Trained Capacities: John Dewey, Rhetoric, and Democratic Practice

Trained Capacities: John Dewey, Rhetoric, and Democratic Practice

Trained Capacities: John Dewey, Rhetoric, and Democratic Practice

Trained Capacities: John Dewey, Rhetoric, and Democratic Practice

Synopsis

The essays in this collection, written by sixteen scholars in rhetoric and communications studies, demonstrate American philosopher John Dewey's wide-ranging influence on rhetoric in an intellectual tradition that addresses the national culture's fundamental conflicts between self and society, freedom and responsibility, and individual advancement and the common good. Editors Brian Jackson and Gregory Clark propose that this influence is at work both in theoretical foundations, such as science, pragmatism, and religion, and in Dewey's debates with other public intellectuals such as Jane Addams, Walter Lippmann, James Baldwin, and W. E. B. Du Bois. Jackson and Clark seek to establish Dewey as an essential source for those engaged in teaching others how to compose timely, appropriate, useful, and eloquent responses to the diverse and often-contentious rhetorical situations that develop in a democratic culture. They contend that there is more at stake than instruction in traditional modes of public discourse because democratic culture encompasses a variety of situations, private or public, civic or professional, where people must cooperate in the work of advancing a common project. What prepares people to intervene constructively in such situations is instruction in those rhetorical practices of democratic interaction that is implicit throughout Dewey's work. Dewey's writing provides a rich framework on which a distinctly American tradition of a democratic rhetorical practice can be built-a tradition that combines the most useful concepts of classical rhetoric with those of modern progressive civic engagement. Jackson and Clark believe Dewey's practice takes rhetoric beyond the traditional emphasis on political democracy to provide connections to rich veins of American thought such as individualism, liberalism, progressive education, collectivism, pragmatism, and postindustrial science and communication. They frame Dewey's voluminous work as constituting a modern expression of continuing education for the "trained capacities" required to participate in democratic culture. For Dewey human potential is best realized in the free flow of artful communication among the individuals who together constitute society. The book concludes with an afterword by Gerard A. Hauser, College Professor of Distinction in the Department of Communication at the University of Colorado Boulder.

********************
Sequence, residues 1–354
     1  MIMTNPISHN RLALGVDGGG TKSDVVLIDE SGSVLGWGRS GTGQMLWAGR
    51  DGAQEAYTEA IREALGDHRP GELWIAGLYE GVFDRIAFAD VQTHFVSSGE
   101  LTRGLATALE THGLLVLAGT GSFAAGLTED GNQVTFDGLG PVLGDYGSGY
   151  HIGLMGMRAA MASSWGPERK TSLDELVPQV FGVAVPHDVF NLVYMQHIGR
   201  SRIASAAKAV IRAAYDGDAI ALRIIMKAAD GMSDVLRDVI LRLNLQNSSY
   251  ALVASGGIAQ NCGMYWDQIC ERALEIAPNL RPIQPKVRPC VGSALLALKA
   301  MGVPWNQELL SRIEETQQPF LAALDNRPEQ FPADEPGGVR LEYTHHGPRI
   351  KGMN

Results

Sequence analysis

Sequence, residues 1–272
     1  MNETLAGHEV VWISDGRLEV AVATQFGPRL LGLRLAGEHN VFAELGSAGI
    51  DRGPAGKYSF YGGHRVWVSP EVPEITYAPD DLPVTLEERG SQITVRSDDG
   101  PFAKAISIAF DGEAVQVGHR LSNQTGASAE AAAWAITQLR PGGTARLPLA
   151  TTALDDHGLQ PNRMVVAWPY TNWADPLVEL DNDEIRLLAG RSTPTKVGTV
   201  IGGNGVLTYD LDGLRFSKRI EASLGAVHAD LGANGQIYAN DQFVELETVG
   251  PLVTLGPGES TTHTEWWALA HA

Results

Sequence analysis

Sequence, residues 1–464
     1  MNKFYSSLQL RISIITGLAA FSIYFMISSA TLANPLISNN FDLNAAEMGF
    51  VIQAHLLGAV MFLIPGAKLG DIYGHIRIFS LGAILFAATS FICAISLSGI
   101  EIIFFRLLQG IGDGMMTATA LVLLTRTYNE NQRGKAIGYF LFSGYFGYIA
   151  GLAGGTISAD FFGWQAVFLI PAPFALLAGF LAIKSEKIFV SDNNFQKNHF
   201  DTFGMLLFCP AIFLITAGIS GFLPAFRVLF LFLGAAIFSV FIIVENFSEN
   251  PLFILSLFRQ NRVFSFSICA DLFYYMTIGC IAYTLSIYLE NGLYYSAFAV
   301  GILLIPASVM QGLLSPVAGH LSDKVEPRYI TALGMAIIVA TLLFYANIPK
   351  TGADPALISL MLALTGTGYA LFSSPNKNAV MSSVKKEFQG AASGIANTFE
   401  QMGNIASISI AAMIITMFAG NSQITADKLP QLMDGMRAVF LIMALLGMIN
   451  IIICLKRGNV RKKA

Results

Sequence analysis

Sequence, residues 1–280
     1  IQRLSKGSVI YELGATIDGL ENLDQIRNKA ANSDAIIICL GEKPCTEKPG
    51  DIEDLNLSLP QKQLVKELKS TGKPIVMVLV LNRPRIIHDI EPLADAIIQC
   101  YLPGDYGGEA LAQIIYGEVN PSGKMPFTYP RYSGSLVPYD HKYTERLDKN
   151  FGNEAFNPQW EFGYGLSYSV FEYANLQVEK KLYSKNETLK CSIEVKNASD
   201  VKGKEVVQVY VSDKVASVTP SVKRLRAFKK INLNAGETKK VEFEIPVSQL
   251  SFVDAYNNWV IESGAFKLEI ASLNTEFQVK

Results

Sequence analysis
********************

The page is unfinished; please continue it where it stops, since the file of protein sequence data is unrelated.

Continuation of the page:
Excerpt

Brian Jackson and Gregory Clark

Every once in a while, long-dead and oft-forgotten philosophers rise from their graves and walk their way into public conversations. Take John Dewey, for instance. in the spring of 2010 a group of concerned parents in a school district not far from where we both live gathered to oppose what they thought was a socialist education philosophy, expressed in the mission statement of the school district. They called it a “poison agenda,” one conceived by none other than John Dewey (Warnock).

Though he may be considered the patron saint of U.S. education, it is not every day—alas—that local school board meetings debate John Dewey’s ideas. Even academic interest in Dewey comes and goes. It died out after World War II, rose again in the early 1990s, and then waned again. Once presidential candidate Barack Obama worked in the Senate to pass the Emergency Economic Stabilization Act of 2008 to help a crippled economy, we began to hear strains of that perpetual national debate about the proper role of government in the United States, strains that summon Dewey’s key ideas even if his name is not mentioned.

Dewey’s post-Obama resurrection has been explained by the conservative political scientist Tiffany Jones Miller, who argues that Dewey did more than anyone to “repackage progressive social theory in a way that obscured just how radically its principles departed from those of the American founding” (Miller). Unlike the Founding Fathers, who argued for limited government and individual liberty against government encroachment, Dewey did indeed advocate an explicitly “positive” reading of the concept of freedom—as “freedom to” rather than “freedom from.” For him, freedom offers individuals opportunities to develop their own capacities, opportunities that are often provided most reliably by the democratic state. Consequently by asserting that Dewey’s work represents a “thoroughgoing reconstruction of the American way of living, primarily by means of the positive . . .

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